The team running Hair Slayers Studio in Chula Vista share why they are not shy about asking for help, this as they are hoping federal relief and community support can help them out during a tough financial time.
“Just because I’m a salon owner doesn’t mean I have all this money, no I struggle too,” said Tanya Alfaro, the co-owner of Hair Slayer studio.
Alfaro shares how this pandemic has really impacted her family and the business she runs with her co-owner, Martha Mondragon. Alfaro said while they are struggling to make rent on their Chula Vista beauty studio, she said it’s also tough at home.
“Now, it’s like I can’t pay my mortgage and we can’t pay the rent for the salon so we’re kinda stuck,” said Alfaro.
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Hair Slayer Studio is a vegan hair salon, run by two Latina stylists who are dedicated to what they do.
“I’ve had clients that cry with me that are like, ‘Oh I’ve never had someone do this,' and I am very passionate,” said Alfaro.
The salon like many others has had a tough time bouncing back following nearly a year of on again, off again closures. They also have not been able to retain many stylists, as many are choosing to work fully on their own.
“You want to work, as a hairstylist who truly has the passion for it, you want to work,” said stylist Paulette Estrada.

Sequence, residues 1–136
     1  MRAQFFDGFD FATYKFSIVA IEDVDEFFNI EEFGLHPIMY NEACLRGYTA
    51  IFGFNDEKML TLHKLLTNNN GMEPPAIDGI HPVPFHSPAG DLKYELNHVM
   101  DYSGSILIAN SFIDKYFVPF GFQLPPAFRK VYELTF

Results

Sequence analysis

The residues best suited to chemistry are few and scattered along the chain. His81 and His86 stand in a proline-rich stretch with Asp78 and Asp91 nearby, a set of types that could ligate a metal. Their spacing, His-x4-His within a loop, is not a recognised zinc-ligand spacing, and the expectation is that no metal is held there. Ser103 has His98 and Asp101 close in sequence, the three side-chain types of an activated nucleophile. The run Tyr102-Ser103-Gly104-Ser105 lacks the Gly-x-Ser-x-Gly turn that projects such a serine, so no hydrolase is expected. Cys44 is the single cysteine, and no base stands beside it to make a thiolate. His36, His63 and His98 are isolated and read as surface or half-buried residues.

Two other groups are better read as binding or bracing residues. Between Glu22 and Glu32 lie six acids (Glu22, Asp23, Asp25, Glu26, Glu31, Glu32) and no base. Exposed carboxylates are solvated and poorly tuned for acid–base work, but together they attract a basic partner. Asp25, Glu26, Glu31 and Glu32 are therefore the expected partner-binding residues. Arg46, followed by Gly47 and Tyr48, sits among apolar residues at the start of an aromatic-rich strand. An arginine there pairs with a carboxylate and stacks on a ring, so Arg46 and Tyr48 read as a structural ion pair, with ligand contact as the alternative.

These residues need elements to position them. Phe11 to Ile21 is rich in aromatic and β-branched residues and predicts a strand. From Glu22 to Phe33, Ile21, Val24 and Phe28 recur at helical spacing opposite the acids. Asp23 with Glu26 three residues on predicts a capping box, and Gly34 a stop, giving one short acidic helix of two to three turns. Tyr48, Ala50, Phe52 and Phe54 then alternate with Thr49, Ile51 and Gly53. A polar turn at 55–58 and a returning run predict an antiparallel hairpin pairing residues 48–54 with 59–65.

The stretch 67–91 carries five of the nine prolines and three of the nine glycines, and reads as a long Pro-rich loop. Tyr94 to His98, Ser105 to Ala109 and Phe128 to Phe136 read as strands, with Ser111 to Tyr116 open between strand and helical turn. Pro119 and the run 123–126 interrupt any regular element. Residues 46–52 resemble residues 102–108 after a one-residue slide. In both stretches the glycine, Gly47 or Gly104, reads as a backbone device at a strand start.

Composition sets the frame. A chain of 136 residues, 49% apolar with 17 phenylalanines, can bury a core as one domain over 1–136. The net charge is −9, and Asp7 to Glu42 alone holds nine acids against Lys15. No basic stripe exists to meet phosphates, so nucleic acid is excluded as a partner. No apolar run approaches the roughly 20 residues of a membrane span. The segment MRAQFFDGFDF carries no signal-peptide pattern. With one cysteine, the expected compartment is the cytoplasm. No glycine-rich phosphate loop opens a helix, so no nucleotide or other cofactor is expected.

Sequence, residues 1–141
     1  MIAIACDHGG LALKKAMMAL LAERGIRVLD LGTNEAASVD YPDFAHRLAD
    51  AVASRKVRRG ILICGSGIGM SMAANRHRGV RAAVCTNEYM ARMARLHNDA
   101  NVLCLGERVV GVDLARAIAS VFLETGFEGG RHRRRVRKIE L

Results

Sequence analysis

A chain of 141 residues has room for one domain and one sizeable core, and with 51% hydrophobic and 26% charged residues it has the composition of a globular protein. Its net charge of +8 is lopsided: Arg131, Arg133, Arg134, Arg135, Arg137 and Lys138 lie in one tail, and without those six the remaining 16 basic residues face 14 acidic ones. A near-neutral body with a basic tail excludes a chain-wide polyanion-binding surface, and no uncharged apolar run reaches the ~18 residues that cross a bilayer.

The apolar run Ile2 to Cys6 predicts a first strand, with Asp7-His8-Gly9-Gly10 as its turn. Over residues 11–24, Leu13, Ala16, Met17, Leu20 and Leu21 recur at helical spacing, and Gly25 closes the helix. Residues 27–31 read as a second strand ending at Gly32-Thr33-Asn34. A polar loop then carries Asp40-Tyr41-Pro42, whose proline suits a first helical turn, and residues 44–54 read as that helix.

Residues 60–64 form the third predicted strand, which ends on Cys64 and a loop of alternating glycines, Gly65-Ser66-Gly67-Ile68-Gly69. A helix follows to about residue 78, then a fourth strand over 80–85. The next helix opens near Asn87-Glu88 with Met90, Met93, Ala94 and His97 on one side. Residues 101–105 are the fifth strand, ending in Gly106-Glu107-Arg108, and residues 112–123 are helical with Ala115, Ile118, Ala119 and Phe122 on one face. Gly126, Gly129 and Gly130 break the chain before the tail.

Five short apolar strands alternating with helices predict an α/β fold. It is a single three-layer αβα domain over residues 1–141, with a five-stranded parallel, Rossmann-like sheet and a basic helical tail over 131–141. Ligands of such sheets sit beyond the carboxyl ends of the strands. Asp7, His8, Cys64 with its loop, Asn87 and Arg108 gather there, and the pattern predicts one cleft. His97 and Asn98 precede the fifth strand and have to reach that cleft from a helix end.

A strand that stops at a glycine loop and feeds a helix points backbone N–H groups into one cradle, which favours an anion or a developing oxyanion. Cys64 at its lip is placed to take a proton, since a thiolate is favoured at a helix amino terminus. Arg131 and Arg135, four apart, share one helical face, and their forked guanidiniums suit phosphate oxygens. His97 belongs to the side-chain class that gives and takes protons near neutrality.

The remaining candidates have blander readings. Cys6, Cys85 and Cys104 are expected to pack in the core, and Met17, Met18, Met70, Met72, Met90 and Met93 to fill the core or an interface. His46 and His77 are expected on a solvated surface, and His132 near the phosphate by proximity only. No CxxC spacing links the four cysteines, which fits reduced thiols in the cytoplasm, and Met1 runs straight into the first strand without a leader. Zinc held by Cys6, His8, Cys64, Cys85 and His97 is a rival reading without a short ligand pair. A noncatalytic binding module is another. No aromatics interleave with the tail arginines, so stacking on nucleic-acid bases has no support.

Estrada shared how if 2020 wasn't hard enough, 2021 came in with its own set of challenges. She's a mom of three including to a newborn and her husband is finally just recovering from a severe battle with COVID-19.
“Not only did it affect us health-wise, but it was just a big hit financially,” Estrada said. “He was on paternity leave and now on a little bit of COVID leave.”
The Latina entrepreneurs say their motivation lies within their family and they're grateful they have this support, even if they are close to losing their business.
“That’s another thing that keeps me going that he tells me we can lose everything, we can take away everything, but we’ll always have a roof over our heads and food,” said Alfaro about the motivation she receives from her husband.
While these women put on a brave face and open up about how they are not sure about the next days ahead of them. They want other entrepreneurs to put on a fight before giving up.
“It’s hard, trust me. I’m trying to hold back my tears, my feelings because it’s hard but I’m sure a lot of people are going through the same thing,” said Alfaro. “I’m happy to at least tell them it’s not just you, there’s a lot of us going through the same thing.”
“We all have families and that’s all we need,” said Estrada. “We need some bit of help.”